China’s Xu Jiayu established a big lead off the start in the 200 back final and did not give back any of his early advantage. The Olympic silver medalist in the event, Xu finished in 53.04, moving past Matt Grevers’ 53.31 from January in Austin as the top time in the world this year.

As was the case in the 200 back on day two, Cal’s Jacob Pebley couldn’t catch up to Xu, but he still put up a strong time of 53.77 in finishing second. That time was good for the third-fastest time in the world in 2017. Meanwhile, Louisville’s Grigory Tarasevich, just two days removed from finishing up at the ACC championships in Atlanta, posted a fifth-ranked time of 53.96 to take third.

Japan’s Ryosuke Irie took fourth in 54.64, and joining him under 55 was Great Britain’s Chris Walker-Hebborn (54.90). Also in the final were New York Athletic Club’s Arkady Vyatchanin (55.16), Gustav Hokfelt (55.22) and Pike Peak’s Daniel Carr (55.98).

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Women’s 200 IM

Athens Bulldog’s Melanie Margalis was behind Island’s Sarah Darcel after the butterfly leg, but she pulled away after that on her way to a dominant, 3.55-second victory. Margalis finished in 2:10.43, just behind Japanese swimmers Rikako Ikee and Ruma Imai. Margalis’ previous season best had been a 2:11.06 from the Austin Pro Swim Series meet in January.

Finishing second was Darcel in 2:13.98, and Great Britain’s Hannah Miley took fourth in 2:15.51. Just behind her was another Brit, Abbie Wood, who touched in 2:15.72.

China’s Ye Shiwen, the 2012 Olympic gold medalist in the event, finished fifth in 2:15.78, and she was followed by three swimmers all competing in their second final of the night: Island’s Hilary Caldwell (2:16.78), Canada’s Kayla Sanchez (2:18.15) and Club Wolverine’s Miranda Tucker (2:18.45).

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Men’s 200 IM

Michael Andrew led for the first 195 meters of the race, going out under world record-pace with a 24.83 first 50, and he had a lead of more than a second at the halfway point. But Josh Prenot reeled him in with a 33.20 breaststroke split and then stormed home in 28.74, to Andrew’s 34.23 and 29.96.

Prenot, representing California Aquatics, touched in 1:58.93, the second-fastest time in the world behind Daiya Seto‘s 1:58.40.

Andrew finished second in 1:59.13, the third-fastest time in the world and a new Junior World Record, breaking the previous mark of 1:59.44 set by the USA’s Gunnar Bentz back in 2013.

Seto, after finishing second in the 200 fly earlier in the night, had to settle for third in 2:00.35.

Great Britain’s Duncan Scott (2:00.48) and Max Litchfield (2:00.57) finished fourth and fifth, respectively. Also competing in the A-final were Missouri State’s Uvis Kalnins (2:02.53), Athens Bulldog’s Nic Fink (2:06.07) and Louisville’s Etay Gurevich (2:06.93).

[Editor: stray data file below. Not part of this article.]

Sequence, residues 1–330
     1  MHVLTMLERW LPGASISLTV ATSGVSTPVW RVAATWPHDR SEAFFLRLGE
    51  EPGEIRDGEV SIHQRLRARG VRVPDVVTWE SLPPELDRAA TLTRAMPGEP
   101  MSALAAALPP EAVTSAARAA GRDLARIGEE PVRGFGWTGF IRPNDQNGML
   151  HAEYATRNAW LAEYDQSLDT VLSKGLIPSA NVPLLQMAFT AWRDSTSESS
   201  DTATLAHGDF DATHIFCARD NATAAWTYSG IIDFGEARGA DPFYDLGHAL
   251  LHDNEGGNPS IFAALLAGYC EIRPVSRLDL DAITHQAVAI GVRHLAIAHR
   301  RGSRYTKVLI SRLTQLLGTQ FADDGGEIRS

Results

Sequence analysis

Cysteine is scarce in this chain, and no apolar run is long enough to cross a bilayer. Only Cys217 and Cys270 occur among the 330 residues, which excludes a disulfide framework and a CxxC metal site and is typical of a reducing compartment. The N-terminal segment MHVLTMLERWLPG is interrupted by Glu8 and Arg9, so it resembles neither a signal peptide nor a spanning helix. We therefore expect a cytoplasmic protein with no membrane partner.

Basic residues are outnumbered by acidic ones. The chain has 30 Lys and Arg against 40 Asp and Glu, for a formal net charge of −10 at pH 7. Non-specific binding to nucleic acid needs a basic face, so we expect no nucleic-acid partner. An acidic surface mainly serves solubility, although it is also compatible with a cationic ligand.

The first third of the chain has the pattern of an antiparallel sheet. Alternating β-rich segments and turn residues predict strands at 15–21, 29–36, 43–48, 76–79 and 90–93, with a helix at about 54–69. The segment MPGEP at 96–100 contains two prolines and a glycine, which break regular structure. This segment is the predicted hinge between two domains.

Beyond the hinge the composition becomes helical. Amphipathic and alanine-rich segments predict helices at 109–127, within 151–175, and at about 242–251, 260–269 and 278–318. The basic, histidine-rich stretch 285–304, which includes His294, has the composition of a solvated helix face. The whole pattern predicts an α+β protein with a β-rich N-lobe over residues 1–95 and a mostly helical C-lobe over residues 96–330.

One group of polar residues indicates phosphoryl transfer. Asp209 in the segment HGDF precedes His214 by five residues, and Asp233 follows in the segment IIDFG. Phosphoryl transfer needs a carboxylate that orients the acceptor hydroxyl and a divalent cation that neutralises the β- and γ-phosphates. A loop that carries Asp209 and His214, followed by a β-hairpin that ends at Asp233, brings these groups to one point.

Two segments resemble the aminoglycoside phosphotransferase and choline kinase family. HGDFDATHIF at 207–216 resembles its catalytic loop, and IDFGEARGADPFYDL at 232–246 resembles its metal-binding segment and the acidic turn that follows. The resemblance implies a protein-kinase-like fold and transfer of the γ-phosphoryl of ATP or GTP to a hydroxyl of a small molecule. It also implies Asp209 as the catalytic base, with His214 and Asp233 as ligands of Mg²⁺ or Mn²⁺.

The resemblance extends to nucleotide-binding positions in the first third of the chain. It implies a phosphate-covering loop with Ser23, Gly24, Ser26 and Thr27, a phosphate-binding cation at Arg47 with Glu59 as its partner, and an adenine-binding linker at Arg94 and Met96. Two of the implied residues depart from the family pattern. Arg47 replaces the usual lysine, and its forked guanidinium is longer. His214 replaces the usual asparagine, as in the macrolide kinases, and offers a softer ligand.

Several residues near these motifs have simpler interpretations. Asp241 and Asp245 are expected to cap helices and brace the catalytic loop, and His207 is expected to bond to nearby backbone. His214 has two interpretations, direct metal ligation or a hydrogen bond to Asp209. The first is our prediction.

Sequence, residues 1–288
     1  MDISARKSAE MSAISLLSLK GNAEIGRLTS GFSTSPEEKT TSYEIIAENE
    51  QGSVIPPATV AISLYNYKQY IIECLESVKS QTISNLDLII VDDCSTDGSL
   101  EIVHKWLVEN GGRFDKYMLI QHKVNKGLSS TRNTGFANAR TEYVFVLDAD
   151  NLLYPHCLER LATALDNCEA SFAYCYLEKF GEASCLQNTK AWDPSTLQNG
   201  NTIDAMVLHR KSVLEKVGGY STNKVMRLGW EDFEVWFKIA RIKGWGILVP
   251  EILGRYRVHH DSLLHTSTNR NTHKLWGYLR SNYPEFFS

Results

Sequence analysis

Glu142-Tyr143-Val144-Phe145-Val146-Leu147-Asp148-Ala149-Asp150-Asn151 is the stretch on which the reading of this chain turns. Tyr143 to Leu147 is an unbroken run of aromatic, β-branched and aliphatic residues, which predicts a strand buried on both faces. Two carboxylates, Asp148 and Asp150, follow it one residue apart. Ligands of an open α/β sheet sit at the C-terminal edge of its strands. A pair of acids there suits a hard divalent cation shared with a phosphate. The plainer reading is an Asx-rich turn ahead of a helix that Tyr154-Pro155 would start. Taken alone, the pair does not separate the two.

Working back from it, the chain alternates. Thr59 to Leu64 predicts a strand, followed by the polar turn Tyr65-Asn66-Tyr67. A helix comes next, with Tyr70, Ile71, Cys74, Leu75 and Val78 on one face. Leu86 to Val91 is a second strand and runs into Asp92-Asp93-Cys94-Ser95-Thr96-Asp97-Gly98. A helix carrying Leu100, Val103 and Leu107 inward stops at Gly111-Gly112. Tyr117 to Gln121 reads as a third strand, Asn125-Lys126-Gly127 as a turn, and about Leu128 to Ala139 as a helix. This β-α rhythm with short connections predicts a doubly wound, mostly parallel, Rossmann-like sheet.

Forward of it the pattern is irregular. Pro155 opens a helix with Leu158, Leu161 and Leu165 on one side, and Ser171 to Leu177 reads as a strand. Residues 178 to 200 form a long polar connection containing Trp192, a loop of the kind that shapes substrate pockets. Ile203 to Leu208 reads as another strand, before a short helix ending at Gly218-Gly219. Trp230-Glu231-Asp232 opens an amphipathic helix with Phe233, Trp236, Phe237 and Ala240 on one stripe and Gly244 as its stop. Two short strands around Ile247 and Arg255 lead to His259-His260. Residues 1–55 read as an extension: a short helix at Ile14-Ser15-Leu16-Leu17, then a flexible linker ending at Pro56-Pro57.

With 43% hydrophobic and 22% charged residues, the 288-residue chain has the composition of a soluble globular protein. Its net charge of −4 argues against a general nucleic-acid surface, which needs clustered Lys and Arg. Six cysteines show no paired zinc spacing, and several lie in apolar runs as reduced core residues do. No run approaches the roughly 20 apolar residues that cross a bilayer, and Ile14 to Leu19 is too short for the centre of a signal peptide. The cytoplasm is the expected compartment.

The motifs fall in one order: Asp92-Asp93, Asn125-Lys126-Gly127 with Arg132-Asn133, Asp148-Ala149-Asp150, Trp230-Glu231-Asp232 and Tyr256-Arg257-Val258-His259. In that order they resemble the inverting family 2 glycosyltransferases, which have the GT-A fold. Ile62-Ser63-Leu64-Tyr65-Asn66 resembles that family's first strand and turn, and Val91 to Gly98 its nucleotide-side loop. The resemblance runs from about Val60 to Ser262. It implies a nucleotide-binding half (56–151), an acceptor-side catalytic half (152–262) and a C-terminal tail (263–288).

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Women’s 800 Free

16-year-old Argentinian Delfina Pignatiello posted the fastest time in the final heat of the 800 free, but her 8:38.49 was not quick enough to beat out the time put up by North Carolina Aquatic Club’s Ashley Twichell in the morning heats.

Twichell won the event with a 8:36.17, six seconds behind her top time this season, an 8:30.19 from the arena Pro Swim Series meet in Austin that ranks third in the world.

Pignatiello finished second, and Carmel’s Emma Nordin took third in 8:46.32, just ahead of Great Britain’s Isobell Griffiths, who ended up fourth in 8:46.47.

Mary-Sophie Harvey finished fifth in 8:47.11, while Japan’s Runa Kasahara (8:50.75), Eliot Kennedy (8:52.33) and Great Britain’s Leah Crisp (8:53.41) completed the top eight.

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Men’s 1500 Free

Plymouth Whitemarsh’s Andrew Abruzzo has been a consistent presence in finals all weekend in Indianapolis, but he won his first event of the meet in the men’s 1500 free, winning a battle with Great Britain’s Tom Derbyshire and touching the wall in 15:13.95. The time moves the 18-year-old to eighth in the world rankings this year.

Derbyshire took second in 15:15.59, and he was followed by British teammates Stephen Milne (15:20.01) and Timothy Shuttleworth (15:22.08).

Mission Viejo’s Michael Brinegar finished fifth in 15:270, followed by Scarlet’s Johannes Calloni (15:31.26), Badger’s Zane Grothe (15:37.52) and Alexander Katelnikoff (15:41.58).

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Author: David Rieder

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David Rieder is the host of Swimming World TV and a staff writer for Swimming World. A contributor to the magazine and website since 2009, he has covered the NCAA Championships, U.S. Nationals, Olympic Trials as well as the 2016 Olympic Games in Rio and the 2017 World Championships in Budapest. He is a native of Charleston, S.C., and a 2016 graduate of Duke University.